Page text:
An inter-laboratory comparison of urinary 3-hydroxypropylmercapturic acid measurement demonstrates good reproducibility between laboratories
1 British American Tobacco, Group Research and Development, Regents Park Road, Southampton, SO15 8TL, UK
2 Analytisch-Biologisches Forschungslabor GmbH, Goethestrasse 20, 80336 Muenchen, Germany
3 Celerion, 621 Rose Street, Lincoln, NE 68502, USA
4 Labstat International Inc., 262 Manitou Drive, Kitchener, Ontario N2C 1L3, Canada
5 Covance Laboratories Ltd, Otley Road, Harrogate, HG3 1PY, UK
BMC Research Notes 2011, 4:391 doi:10.1186/1756-0500-4-391Published: 10 October 2011
Biomarkers have been used extensively in clinical studies to assess toxicant exposure in smokers and non-smokers and have recently been used in the evaluation of novel tobacco products. The urinary metabolite 3-HPMA, a metabolite of the major tobacco smoke toxicity contributor acrolein, is one example of a biomarker used to measure exposure to tobacco smoke. A number of laboratories have developed liquid chromatography with tandem mass spectrometry (LC-MS/MS) based methods to measure urinary 3-HPMA; however, it is unclear to what extent the data obtained by these different laboratories are comparable.
This report describes an inter-laboratory comparison carried out to evaluate the comparability of 3-HPMA measurement between four laboratories. A common set of spiked and authentic smoker and non-smoker urine samples were used. Each laboratory used their in-house LC-MS/MS method and a common internal standard. A comparison of the repeatability ('r'), reproducibility ('R'), and coefficient of variation for 3-HPMA demonstrated that within-laboratory variation was consistently lower than between-laboratory variation. The average inter-laboratory coefficient of variation was 7% for fortified urine samples and 16.2% for authentic urine samples. Together, this represents an inter-laboratory variation of 12.2%.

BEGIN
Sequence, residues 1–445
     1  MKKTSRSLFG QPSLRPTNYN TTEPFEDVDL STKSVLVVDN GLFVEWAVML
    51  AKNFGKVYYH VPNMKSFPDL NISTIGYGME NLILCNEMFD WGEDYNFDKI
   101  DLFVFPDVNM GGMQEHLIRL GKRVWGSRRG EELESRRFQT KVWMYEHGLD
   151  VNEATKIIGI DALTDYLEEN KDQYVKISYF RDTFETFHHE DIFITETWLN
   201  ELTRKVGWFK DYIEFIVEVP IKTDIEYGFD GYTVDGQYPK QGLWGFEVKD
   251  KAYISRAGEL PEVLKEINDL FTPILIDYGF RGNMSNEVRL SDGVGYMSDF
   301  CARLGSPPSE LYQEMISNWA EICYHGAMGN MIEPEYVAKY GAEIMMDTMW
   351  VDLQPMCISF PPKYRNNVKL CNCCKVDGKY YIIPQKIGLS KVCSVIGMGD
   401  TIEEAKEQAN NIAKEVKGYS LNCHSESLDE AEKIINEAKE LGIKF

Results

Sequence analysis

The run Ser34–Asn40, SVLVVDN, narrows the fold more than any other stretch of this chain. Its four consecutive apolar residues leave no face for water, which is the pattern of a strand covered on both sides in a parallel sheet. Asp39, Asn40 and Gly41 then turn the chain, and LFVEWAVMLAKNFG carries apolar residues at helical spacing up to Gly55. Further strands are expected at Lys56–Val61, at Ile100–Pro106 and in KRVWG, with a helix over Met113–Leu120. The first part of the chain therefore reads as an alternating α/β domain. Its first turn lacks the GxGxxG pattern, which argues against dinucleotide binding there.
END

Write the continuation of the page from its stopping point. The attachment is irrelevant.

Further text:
The results from this first inter-laboratory comparison for the measurement of 3-HPMA in urine demonstrate a reasonably good consensus between laboratories. However, some consistent measurement biases were still observed between laboratories, suggesting that additional work may be required to further reduce the inter-laboratory coefficient of variation.